Published On: 29 May 2020

Published: 29 May 2020

Authors: Nasheeta Peer1,2 , Ashika Naicker3 , Munira Khan4 and Andre-Pascal Kengne1,2

Journal: SAGE Open Medicine Volume 8: 1–12


Aim: In the face of increasing tobacco consumption in Sub-Saharan Africa, it is crucial to not only curb the uptake of tobacco, but to ensure that tobacco users quit. Considering the minimal attention that tobacco cessation interventions receive in Sub- Saharan Africa, this review aims to describe studies that evaluated tobacco cessation interventions in the region.

Methods: A search of studies published till December 2019 that evaluated tobacco cessation interventions in Sub-Saharan Africa and examined tobacco quit rates was conducted in PubMed-Medline, Web of Science and Scopus. Study designs were not limited to randomised control trials but needed to include a control group.

Results: Of the 454 titles and abstracts reviewed, eight studies, all conducted in South Africa, were included. The earliest publication was from 1988 and the most recent from 2019. Five studies were randomised control trials, two were quasiexperimental and one was a case–control study. Populations studied included community-based smokers (four studies) and university students, while the relevant clinic-based studies were conducted in pregnant women, tuberculosis patients and HIV-infected patients. Sample sizes were 23 in the case–control study, 87–561 in randomised control trials, and 979 (pregnant women) and 4090 (three rural communities) in the quasi-experimental studies. Four studies included nicotine replacement therapy in the interventions while four utilised only psychotherapy without adjunct pharmacotherapy. Quit rates were evaluated by exhaled carbon monoxide levels (five studies), blood carbon monoxide, urinary cotinine levels and self-reported quit rates. Four studies (two each with and without pharmacotherapy) reported significantly better outcomes in the intervention versus the control groups while one study findings (without pharmacotherapy) were significant in women but not men.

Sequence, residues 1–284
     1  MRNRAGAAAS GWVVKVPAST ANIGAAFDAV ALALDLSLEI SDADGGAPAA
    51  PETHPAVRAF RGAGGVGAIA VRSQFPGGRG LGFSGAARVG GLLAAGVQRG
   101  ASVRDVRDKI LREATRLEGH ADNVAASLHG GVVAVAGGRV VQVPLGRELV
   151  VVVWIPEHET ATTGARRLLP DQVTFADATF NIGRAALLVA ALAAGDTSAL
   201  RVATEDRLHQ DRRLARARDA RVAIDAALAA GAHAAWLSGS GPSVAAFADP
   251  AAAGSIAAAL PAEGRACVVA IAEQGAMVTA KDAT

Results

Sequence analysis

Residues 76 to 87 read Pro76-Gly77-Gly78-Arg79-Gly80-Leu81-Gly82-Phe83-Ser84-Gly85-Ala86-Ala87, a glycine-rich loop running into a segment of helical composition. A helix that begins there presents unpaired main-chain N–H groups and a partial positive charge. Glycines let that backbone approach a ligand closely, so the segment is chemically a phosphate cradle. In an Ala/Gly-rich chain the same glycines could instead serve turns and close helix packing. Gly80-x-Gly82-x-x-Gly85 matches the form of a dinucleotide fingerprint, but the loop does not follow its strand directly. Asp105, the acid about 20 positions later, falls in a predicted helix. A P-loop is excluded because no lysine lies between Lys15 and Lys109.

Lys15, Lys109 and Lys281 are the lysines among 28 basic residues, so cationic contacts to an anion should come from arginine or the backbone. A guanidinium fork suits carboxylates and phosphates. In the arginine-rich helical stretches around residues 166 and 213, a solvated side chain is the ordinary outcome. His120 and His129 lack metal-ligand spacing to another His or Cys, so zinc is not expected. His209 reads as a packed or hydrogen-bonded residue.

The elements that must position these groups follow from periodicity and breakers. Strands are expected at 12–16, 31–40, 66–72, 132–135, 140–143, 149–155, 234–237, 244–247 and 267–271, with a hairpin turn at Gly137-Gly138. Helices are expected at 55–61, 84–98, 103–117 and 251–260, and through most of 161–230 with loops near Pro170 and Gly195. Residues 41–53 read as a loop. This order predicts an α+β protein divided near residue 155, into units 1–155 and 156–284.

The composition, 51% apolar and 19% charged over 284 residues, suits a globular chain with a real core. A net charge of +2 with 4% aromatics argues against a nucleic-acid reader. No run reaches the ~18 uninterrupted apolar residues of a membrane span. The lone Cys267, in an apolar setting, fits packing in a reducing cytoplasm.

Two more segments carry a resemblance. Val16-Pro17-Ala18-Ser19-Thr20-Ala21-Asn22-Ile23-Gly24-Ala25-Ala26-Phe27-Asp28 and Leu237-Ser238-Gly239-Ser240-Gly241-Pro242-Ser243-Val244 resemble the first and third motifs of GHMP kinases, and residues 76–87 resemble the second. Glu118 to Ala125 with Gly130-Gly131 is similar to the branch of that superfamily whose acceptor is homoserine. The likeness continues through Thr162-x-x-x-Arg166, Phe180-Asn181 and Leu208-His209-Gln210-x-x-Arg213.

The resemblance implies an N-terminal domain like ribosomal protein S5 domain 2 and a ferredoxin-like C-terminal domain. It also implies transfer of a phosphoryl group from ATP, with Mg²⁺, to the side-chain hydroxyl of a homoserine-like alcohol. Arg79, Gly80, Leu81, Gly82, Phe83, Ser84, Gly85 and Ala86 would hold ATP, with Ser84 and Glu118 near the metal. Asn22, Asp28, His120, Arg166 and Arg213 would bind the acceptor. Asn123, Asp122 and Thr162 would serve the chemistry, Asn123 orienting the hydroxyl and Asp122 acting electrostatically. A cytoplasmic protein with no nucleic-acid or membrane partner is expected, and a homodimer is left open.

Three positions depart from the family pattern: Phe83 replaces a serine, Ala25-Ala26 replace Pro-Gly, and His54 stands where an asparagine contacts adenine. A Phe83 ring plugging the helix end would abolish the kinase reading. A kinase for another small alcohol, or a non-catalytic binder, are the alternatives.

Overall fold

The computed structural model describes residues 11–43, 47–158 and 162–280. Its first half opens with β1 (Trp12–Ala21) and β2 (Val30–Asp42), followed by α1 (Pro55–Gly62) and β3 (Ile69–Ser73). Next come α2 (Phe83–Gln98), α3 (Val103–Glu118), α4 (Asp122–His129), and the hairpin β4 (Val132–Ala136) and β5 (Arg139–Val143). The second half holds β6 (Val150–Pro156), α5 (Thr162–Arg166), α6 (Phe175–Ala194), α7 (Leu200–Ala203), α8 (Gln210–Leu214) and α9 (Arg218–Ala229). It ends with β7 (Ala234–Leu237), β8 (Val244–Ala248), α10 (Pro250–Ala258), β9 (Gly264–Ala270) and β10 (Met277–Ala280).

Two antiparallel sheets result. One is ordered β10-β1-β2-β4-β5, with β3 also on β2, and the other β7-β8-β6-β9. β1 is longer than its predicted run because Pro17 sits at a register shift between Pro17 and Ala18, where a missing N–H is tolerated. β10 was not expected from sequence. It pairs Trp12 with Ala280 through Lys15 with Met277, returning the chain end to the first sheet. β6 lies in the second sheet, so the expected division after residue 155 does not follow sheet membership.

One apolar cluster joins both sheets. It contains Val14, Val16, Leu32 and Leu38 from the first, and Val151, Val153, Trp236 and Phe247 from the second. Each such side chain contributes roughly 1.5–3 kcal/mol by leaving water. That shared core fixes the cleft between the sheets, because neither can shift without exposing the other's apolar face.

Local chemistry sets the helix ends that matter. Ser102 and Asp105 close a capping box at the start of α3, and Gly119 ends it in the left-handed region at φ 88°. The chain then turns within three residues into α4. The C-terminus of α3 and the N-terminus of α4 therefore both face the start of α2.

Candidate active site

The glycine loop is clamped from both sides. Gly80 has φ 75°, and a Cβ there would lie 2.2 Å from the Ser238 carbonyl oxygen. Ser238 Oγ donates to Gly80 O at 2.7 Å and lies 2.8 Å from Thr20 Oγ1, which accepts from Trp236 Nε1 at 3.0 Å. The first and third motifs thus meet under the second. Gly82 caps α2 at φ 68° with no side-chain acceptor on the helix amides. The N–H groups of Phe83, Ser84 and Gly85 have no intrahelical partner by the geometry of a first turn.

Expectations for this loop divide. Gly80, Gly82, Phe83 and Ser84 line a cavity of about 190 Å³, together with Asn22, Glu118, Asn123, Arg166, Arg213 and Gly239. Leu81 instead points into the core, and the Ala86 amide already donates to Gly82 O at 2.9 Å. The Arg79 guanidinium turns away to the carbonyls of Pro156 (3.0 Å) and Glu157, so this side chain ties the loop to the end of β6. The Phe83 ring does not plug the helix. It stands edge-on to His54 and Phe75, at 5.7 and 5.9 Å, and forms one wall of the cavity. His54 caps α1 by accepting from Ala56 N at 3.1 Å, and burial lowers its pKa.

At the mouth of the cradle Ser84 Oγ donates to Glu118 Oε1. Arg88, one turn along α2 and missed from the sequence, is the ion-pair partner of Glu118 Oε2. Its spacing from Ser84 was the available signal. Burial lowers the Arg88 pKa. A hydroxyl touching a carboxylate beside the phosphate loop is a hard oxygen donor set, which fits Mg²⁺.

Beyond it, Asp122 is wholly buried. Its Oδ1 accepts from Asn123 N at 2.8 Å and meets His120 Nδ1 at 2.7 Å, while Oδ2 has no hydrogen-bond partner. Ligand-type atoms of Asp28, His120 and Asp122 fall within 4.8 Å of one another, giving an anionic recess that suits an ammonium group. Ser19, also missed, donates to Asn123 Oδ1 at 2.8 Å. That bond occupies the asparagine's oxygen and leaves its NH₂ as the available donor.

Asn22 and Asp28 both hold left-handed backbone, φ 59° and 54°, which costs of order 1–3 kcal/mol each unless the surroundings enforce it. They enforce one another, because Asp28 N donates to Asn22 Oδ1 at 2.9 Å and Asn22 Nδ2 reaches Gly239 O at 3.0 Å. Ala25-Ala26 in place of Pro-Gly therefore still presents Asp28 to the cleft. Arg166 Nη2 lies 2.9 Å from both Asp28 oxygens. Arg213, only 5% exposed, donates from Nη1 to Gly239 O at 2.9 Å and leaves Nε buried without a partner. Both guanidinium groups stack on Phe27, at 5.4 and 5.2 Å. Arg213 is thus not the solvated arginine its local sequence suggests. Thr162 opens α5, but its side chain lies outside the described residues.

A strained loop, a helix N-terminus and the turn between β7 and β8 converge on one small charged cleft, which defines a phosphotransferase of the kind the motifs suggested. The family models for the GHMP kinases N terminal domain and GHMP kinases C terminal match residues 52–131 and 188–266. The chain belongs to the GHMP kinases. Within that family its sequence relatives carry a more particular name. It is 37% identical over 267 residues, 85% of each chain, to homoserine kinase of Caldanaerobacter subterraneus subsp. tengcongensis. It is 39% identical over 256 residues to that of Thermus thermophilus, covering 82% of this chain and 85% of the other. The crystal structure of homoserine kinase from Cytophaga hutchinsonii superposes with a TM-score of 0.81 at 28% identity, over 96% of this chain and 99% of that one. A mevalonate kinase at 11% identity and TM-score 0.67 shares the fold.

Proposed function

Conclusion: This review highlights that scant attention has been paid to tobacco cessation intervention in Sub-Saharan Africa. The heterogeneity of these studies precluded comparisons across interventions or populations. There is a need for evidence-based low-cost tobacco cessation intervention that target high-risk population in Sub-Saharan Africa.

Keywords: Tobacco cessation interventions, Sub-Saharan Africa, South Africa, smoking, tobacco use, quit rates

Affiliations: 1: Non-Communicable Diseases Research Unit, South African Medical Research Council, Durban and Cape Town, South Africa 2: Department of Medicine, University of Cape Town, Cape Town, South Africa 3: Department of Food and Nutrition, Durban University of Technology, Durban, South Africa 4: Research Clinician and Training Officer, Tuberculosis and HIV Network (THINK), Durban, South Africa